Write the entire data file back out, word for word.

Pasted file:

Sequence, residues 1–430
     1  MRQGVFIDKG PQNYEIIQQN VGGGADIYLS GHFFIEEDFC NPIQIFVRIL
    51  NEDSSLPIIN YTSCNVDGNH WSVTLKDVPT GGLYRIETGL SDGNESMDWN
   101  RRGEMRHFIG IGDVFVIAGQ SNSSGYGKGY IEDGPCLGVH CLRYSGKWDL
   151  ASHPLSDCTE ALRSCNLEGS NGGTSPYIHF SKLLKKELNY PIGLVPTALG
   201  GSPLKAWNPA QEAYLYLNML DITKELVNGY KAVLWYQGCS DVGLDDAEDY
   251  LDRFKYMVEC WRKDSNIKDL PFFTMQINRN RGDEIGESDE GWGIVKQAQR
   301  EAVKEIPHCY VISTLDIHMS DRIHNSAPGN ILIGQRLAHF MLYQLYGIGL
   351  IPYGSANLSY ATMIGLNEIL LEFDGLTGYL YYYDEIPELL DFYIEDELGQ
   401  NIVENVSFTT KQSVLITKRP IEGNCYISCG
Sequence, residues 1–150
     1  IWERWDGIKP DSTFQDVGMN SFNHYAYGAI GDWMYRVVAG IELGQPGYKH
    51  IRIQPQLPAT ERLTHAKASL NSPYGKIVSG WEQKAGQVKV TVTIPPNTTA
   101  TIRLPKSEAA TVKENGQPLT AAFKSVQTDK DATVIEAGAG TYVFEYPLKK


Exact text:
Sequence, residues 1–430
     1  MRQGVFIDKG PQNYEIIQQN VGGGADIYLS GHFFIEEDFC NPIQIFVRIL
    51  NEDSSLPIIN YTSCNVDGNH WSVTLKDVPT GGLYRIETGL SDGNESMDWN
   101  RRGEMRHFIG IGDVFVIAGQ SNSSGYGKGY IEDGPCLGVH CLRYSGKWDL
   151  ASHPLSDCTE ALRSCNLEGS NGGTSPYIHF SKLLKKELNY PIGLVPTALG
   201  GSPLKAWNPA QEAYLYLNML DITKELVNGY KAVLWYQGCS DVGLDDAEDY
   251  LDRFKYMVEC WRKDSNIKDL PFFTMQINRN RGDEIGESDE GWGIVKQAQR
   301  EAVKEIPHCY VISTLDIHMS DRIHNSAPGN ILIGQRLAHF MLYQLYGIGL
   351  IPYGSANLSY ATMIGLNEIL LEFDGLTGYL YYYDEIPELL DFYIEDELGQ
   401  NIVENVSFTT KQSVLITKRP IEGNCYISCG
Sequence, residues 1–150
     1  IWERWDGIKP DSTFQDVGMN SFNHYAYGAI GDWMYRVVAG IELGQPGYKH
    51  IRIQPQLPAT ERLTHAKASL NSPYGKIVSG WEQKAGQVKV TVTIPPNTTA
   101  TIRLPKSEAA TVKENGQPLT AAFKSVQTDK DATVIEAGAG TYVFEYPLKK